Colrectal polyp and cancer screening provided with fecal occult blood and calprotectin tests,
colon capsule endoscopy and colonoscopy with Propofol sedation.
Screening means looking for early signs of a particular disease in otherwise healthy people who do not have any symptoms and when treatment is likely to be curative. Colorectal cancer screening aims to detect colorectal cancer at an early stage when there is a good chance that treatment will cure the cancer. There are two methods of screening for colorectal cancer, both of them are constantly available in our private endoscopy center:
- A test to detect traces of blood in you faeces – the faecal occult blood (FOB) test.
- An examination of the inside of the bowel by a test called flexible colonoscopy (endoscopy).
Colorectal screening is advocated for all asymptomatic people above the age of 50, and above the age of 40 for those who have increased risk of CRC. Some people have a higher than normal risk of developing colorectal cancer. This is because some diseases cause an increased risk of developing colorectal cancer. Also, relatives of people with certain diseases have an increased risk of of developing colorectal cancer. Therefore, some people are offered regular screening tests, often from a young age. These groups of people offered screening tests include:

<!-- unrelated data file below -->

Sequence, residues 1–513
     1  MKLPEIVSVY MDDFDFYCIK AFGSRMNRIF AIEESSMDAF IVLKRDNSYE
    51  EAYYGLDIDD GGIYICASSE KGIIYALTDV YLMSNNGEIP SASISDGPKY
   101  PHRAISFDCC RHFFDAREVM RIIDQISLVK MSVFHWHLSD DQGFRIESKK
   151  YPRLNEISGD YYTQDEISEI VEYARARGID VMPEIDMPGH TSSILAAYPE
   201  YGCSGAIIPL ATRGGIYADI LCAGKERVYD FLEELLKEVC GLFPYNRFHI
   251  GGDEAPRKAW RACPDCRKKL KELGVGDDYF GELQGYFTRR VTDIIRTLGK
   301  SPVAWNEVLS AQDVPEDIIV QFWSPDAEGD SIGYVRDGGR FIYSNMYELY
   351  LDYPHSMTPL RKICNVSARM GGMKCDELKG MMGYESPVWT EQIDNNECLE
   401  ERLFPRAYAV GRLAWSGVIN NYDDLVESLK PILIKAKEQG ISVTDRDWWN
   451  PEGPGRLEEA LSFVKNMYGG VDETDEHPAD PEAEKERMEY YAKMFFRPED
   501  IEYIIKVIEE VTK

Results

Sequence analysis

- People with certain inherited conditions, which include familial adenomatous polyposis (FAP), hereditary non-polyposis colorectal cancer (HNPCC), and some other syndromes including Peutz-Jeghers syndrome and juvenile polyposis syndrome. These conditions are very rare.
- Close relatives of people with with FAP or HNPCC.
- People with a strong family history of first-degree relatives (mother, father, brother, sister, child) who have had colorectal cancer. In particular, if the cancer developed in a close relative under the age of 45 years.
- People with ulcerative colitis or Crohn’s disease affecting the colon or rectum.
- People with acromegaly.
- People who have had one or more colonic polyps removed.
- People who have had colorectal cancer in the past.